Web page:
You Can’t Do That

In preschool  (how I remember something from when I was 4 I’ll never know but I remember it very clearly when I’m faced with a challenger), we were given a picture with a lady dressed in an elegant dress to color.  I colored her dress purple, of course, my favorite color.  Then I did something that no other kid did.  I colored her arms purple, but just up to the elbows.  My lady in my picture was wearing long gloves in my story, in my head.

Just then I was interrupted from my daydream of this elegant being by a fellow classmate.


He said “you can’t do that.  You can’t color her arms purple”


I said “But they are gloves.”  I stopped for a minute.   The teacher came over and again reiterated to the boy that I could color my picture however I wanted to.


It starts as early as preschool/kindergarten.  We are told that we can’t change  and color outside of the lines of the prescribed lesson plan, the coloring book pictures, the job description, the life our family has decided for us.


A lot of times we waste time thinking we actually can’t do something.  In high school, I wanted to be part of student council for some reason.  I can’t even remember why now but I loved to be involved and be part of everything.  So when my classmates basically told me “You can’t do that” because they didn’t vote me in, I decided to use my talents and go the route that allowed me to get where I wanted to go.  There was this special position called “Student School Board Representative”  I had to attend school board meetings every month and report back to the student council on what was going on as well as give updates to the school board on the goings on of the high schoolers.  For this position, I needed to interview and be selected by upperclassmen and faculty.  I got in!! It was more work, than the run of the mill student council member, but I wanted this position so badly, I didn’t care.  When I had the position, the school board decided that they were going to start charging the students to park at school.  Basically, I had to report back to the students that they would be charged like $50 per year just to drive to school.  Most people would just accept their fate, but I wasn’t ready to back down just yet.  That $50 doesn’t sound like a TON of money but for a high school student in a public school in the 90’s who may be paying for gas, insurance and whatever else for the car to drive it to school so that they can play sports or go to a job after school, $50 is a lot.  They were telling us that we could no longer drive to school and park for free.  Basically, “You can’t do the things you were doing last week”  So I thought “Hmm how can I maintain our free parking”   I decided to put together a survey of why each student drove to school and present my findings and my case to the school board.  I even  had my mom print out the pie charts in color at work.  (Hey this was the 90’s, color printouts were a very big thing.)  But it worked.  They decided to stop the pay for parking initiative and to go back to the way it was.  I was determined to make sure that I took my position seriously and even though we were 16 or 17 years olds, we weren’t going to be told that we couldn’t park at our school for free when there was plenty of space and plenty of reasons that students couldn’t pay the fee.  When someone tells you “You can’t do that.”  Think twice, heck think three times about why they are saying this and how you can prove that yes “I can do this.”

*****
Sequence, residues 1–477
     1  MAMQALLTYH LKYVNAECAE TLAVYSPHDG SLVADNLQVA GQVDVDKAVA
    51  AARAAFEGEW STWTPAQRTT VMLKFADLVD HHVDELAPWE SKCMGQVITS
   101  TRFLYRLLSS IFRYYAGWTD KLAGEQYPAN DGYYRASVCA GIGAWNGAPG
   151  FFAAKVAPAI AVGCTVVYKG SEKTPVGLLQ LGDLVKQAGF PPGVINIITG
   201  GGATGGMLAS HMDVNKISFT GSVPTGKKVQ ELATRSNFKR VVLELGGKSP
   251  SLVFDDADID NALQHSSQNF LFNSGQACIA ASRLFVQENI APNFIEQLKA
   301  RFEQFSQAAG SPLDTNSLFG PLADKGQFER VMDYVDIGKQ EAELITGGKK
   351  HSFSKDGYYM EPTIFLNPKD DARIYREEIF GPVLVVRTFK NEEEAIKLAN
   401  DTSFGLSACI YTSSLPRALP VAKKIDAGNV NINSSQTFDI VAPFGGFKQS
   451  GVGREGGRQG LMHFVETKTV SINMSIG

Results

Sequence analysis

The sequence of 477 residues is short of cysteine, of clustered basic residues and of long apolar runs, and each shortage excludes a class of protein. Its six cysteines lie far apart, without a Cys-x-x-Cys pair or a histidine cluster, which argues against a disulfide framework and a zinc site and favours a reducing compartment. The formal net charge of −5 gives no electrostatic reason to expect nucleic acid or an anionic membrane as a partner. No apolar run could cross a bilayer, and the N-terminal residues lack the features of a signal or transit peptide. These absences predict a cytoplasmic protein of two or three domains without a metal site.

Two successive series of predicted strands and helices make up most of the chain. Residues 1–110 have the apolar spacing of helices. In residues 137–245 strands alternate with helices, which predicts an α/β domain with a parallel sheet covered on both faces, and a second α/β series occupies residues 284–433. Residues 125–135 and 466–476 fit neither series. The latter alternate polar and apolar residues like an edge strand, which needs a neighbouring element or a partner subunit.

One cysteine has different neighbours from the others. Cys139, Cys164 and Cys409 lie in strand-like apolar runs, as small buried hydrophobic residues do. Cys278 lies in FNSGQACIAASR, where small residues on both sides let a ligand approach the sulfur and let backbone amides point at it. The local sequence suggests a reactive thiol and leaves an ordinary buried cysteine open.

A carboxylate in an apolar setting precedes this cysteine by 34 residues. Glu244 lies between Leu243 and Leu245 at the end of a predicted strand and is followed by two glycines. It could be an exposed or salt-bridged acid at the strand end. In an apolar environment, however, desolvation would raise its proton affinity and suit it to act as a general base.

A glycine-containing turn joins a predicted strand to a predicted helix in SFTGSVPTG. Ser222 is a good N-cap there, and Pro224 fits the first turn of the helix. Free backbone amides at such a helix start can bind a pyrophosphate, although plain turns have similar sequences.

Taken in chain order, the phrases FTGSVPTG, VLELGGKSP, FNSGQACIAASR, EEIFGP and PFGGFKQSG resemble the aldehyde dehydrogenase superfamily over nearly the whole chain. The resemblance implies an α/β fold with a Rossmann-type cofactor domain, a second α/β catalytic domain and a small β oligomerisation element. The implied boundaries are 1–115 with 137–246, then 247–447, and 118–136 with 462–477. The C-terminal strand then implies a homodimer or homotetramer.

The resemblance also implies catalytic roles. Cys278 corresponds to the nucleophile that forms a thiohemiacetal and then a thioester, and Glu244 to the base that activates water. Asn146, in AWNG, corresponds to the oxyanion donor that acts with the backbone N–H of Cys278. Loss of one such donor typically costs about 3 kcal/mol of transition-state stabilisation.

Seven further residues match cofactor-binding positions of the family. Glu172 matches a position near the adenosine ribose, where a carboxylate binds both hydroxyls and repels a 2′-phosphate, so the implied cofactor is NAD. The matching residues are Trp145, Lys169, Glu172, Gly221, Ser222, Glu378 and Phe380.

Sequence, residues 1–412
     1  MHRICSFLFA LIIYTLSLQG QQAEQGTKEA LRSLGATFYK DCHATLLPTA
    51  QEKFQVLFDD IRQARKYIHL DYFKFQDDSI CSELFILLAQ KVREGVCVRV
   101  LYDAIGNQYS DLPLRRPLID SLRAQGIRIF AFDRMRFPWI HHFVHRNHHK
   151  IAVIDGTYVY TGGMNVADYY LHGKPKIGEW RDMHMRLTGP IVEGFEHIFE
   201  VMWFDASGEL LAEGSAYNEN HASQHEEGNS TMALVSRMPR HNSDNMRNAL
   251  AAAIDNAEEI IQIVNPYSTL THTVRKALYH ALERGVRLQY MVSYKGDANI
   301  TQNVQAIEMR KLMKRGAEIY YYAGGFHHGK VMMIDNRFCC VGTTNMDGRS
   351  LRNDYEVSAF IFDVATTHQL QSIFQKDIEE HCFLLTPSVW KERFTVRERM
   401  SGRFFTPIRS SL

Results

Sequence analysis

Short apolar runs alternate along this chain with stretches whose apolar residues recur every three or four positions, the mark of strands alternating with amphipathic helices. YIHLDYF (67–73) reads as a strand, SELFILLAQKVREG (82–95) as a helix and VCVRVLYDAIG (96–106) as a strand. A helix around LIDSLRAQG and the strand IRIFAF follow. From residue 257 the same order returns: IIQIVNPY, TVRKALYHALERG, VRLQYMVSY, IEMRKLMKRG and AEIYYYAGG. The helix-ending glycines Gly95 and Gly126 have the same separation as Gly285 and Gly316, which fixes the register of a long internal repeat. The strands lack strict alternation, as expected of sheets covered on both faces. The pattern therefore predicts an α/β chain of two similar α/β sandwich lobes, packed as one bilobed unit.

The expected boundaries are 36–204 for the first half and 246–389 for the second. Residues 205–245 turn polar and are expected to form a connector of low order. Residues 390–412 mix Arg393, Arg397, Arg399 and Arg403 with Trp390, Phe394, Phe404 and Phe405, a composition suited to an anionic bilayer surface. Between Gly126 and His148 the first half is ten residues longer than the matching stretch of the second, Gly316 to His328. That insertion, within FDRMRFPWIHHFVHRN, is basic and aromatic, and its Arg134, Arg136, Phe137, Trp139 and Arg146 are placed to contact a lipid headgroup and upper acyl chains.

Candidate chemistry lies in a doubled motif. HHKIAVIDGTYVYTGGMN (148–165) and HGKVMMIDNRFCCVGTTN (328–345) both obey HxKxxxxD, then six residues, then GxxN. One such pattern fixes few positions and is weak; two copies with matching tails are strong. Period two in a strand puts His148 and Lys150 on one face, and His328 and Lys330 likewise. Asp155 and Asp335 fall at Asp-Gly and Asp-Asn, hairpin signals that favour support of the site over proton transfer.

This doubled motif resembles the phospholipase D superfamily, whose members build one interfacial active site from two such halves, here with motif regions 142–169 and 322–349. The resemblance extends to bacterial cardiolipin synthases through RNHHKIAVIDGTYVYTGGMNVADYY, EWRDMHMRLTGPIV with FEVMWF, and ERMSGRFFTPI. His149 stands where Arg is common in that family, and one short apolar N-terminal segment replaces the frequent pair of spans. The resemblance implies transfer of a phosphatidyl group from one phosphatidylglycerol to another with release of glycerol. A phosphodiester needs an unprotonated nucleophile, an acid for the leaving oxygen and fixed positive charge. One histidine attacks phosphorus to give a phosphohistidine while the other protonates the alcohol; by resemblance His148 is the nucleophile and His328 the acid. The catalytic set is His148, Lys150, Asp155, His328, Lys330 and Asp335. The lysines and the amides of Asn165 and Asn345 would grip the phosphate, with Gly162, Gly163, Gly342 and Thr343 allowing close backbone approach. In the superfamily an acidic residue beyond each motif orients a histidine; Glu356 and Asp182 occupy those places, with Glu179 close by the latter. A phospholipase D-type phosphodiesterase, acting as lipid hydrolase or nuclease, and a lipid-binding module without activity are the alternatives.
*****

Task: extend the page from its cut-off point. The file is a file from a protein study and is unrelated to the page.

Go out and color your picture of your life however you want to.


You can’t do that


Oh but I can …. and I will

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